Ed Barton, LLM, CPA, CFA

What Does Sui Generis Mean?

What Is The Definition of Sui Generis?

Sui Generis is a Latin term utilized in international law as well as American law. The Latin translation is “of its own kind” and is used to describe such an unparalleled situation to stand on its own and have achieved a unique status within the law. If a legal situation or question is described as “sui generis,” it indicates that there is nothing else of the same kind with which to compare or derive precedent.

How Does the Concept of Sui Generis Rights Impact International Law?

There is a recognition that national and ethnic cultural norms may create a need to assess the rights of peoples, particularly indigenous peoples, sui generis, when looking at the implementation and enforcement of international law and regulation. For example, The International Convention for the Regulation of Whaling was signed in 1946. As part of the Convention, a Schedule was developed to address specific components that needed to be regulated sui generis. The  Schedule, amongst other things, sets out catch limits for commercial and subsistence whaling by indigenous peoples. The schedule is an integral part of the convention, but its provisions- such as catch levels- can be changed by the Commission. In practice, amendments to this document are almost always agreed upon at meetings held every two years that include representatives from all member states to maintain fairness among each country’s interests regarding how nations should manage whales on their own territory.

In the absence of a system to define the sui generis rights of indigenous peoples to whaling rights, they would be forced to accepting the global restrictions on whaling agreed to by their nation of residence, or nations with indigenous peoples relying on substance whaling, like the United States, would be forced to choose between participation in the Convention and prohibiting whaling for indigenous peoples who rely on whales as a critical source of food and cultural heritage, or non-participation in the Convention and need to develop a separate regulatory scheme for the commercial whaling industry. Each indigenous people will have a unique or sui generis right to whaling based on their unique historical and cultural behaviors.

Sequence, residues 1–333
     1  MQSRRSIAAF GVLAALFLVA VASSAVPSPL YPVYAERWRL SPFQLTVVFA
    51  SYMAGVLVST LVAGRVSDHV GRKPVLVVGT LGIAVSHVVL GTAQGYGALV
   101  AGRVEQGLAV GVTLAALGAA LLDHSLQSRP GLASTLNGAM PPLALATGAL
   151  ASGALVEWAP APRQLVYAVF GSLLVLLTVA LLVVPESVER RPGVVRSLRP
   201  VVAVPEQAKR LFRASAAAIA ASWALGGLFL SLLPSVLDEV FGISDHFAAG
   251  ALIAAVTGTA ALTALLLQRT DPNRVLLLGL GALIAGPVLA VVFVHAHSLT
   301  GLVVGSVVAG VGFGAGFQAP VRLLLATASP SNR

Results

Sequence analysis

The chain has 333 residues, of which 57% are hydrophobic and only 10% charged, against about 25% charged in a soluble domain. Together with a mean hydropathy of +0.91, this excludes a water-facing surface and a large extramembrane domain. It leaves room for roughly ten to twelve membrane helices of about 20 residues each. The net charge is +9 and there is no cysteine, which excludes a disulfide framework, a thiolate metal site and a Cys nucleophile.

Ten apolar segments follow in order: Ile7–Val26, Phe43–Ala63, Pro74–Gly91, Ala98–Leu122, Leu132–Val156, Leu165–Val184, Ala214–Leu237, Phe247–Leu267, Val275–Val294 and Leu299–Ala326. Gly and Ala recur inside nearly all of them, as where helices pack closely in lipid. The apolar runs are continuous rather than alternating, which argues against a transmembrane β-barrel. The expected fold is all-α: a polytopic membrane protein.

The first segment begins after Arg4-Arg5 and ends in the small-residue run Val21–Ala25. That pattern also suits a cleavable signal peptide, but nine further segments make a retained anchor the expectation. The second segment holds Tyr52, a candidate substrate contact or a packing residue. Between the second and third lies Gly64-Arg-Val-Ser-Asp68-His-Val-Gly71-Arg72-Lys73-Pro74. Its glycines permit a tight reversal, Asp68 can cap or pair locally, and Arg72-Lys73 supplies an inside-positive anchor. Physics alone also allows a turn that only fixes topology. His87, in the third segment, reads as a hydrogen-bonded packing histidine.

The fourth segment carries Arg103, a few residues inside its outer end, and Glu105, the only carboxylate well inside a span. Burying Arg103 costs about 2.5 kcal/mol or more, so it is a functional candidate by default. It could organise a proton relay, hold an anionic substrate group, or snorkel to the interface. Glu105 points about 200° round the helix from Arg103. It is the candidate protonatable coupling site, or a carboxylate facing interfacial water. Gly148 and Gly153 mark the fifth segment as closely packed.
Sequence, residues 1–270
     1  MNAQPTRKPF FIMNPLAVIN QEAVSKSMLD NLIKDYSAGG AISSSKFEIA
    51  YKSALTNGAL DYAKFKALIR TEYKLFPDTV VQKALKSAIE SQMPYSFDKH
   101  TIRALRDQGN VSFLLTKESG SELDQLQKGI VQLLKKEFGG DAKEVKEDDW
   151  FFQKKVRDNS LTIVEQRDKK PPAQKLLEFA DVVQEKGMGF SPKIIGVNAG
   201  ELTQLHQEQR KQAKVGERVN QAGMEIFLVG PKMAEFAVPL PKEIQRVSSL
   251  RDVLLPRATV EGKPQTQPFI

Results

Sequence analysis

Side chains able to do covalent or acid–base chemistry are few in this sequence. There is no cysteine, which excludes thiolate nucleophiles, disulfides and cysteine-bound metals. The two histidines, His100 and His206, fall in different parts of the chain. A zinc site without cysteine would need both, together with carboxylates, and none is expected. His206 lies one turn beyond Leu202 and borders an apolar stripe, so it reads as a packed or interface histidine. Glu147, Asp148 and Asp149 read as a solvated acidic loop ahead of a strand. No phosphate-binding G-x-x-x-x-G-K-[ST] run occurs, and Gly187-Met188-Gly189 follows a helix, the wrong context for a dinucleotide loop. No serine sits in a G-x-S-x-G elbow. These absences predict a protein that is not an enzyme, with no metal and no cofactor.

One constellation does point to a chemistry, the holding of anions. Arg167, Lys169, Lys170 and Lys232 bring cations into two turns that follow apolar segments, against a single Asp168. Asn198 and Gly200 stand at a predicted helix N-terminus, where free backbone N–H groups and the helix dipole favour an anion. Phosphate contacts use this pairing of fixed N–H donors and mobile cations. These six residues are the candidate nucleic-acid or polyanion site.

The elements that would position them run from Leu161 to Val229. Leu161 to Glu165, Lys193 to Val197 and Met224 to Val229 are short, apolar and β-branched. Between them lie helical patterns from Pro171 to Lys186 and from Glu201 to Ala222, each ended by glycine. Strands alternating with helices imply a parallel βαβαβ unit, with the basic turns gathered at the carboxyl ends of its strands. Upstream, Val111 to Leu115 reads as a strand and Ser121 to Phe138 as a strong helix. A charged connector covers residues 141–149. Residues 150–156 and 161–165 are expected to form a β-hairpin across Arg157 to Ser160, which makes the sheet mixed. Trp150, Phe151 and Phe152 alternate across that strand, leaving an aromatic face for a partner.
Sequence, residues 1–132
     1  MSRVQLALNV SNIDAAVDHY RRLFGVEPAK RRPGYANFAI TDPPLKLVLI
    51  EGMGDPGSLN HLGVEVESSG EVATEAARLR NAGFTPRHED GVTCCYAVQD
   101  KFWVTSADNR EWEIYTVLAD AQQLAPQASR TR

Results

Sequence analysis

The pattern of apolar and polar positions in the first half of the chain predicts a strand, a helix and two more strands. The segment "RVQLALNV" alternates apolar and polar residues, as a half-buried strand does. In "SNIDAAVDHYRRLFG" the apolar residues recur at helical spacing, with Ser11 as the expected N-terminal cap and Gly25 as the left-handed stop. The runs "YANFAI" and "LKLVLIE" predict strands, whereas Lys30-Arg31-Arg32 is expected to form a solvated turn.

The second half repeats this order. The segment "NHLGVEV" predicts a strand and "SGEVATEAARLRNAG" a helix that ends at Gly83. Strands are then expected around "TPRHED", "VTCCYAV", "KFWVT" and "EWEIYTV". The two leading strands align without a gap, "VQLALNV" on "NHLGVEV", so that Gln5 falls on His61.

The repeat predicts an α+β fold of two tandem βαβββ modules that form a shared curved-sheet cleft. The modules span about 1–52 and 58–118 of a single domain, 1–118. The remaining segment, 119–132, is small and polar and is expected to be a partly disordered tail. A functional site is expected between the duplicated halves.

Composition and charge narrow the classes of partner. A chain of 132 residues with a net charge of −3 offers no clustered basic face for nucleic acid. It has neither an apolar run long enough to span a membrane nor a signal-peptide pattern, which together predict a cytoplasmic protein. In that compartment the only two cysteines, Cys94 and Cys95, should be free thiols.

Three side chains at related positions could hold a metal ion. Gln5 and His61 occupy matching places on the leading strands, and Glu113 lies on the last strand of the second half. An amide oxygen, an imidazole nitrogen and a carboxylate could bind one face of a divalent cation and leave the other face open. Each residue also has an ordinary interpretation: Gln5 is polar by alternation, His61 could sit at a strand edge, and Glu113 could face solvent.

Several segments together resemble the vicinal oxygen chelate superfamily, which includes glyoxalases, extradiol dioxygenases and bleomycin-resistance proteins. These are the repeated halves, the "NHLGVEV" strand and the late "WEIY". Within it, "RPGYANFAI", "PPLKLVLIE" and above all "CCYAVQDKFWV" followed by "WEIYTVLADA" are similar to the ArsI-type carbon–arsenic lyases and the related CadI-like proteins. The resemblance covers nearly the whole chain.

The concepts also tend to be prevalent in intellectual property law – where the development and evolution of unique products, technology, and creative works give rise to the need to establish regulation and protection of the created intellectual property. For instance, the development and rapid spread of semiconductors resulted in the development, in the united states of the Semiconductor Chip Protection Act of 1984 (17 USC 901), recognizing that the topography of semiconductor chips and integrated circuits are sui generis, containing elements of both copyright and patent law – but not wholly applicable to either established legal concept. We can expect to see the continued development of sui generis law in artificial intelligence, data analysis, bioengineering, and other emerging technologies.

Impacts of Sui Generis Concepts On Anglo-American Law

Traditionally, Anglo-American legal systems have relied on precedent and judicial interpretation as the foundation for the legal system. As a result, sui generis situations result in the creation of new laws. At one level, all common law interpretation is sui generis at the point of decision and then is added to the corpus of the law as a whole, becoming precedent against which new cases are measured and compared to assess whether the now precedential law is applicable, or new law/legal precedent needs to be created by the judge, sui generis, for the case currently before the court.

This admittedly broad interpretation of sui generis concepts in the common law system recognizes that every case before the court is unique. Therefore any new law emanating from the decision must also be unique to that situation. Unless strategically limited by the court in the construct of the opinion or narrowness of applicability, the precedential value of these decisions is less one of direct application than the philosophical interpretation that impacts future conceptual evolution of the law.

 

 

 

 

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